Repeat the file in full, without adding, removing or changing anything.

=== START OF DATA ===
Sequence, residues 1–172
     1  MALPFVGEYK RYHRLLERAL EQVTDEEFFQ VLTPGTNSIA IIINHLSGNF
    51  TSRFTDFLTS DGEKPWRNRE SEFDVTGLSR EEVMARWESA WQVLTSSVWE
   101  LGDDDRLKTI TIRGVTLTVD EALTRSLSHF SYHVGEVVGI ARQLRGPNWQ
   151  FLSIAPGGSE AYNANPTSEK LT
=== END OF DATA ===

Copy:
Sequence, residues 1–172
     1  MALPFVGEYK RYHRLLERAL EQVTDEEFFQ VLTPGTNSIA IIINHLSGNF
    51  TSRFTDFLTS DGEKPWRNRE SEFDVTGLSR EEVMARWESA WQVLTSSVWE
   101  LGDDDRLKTI TIRGVTLTVD EALTRSLSHF SYHVGEVVGI ARQLRGPNWQ
   151  FLSIAPGGSE AYNANPTSEK LT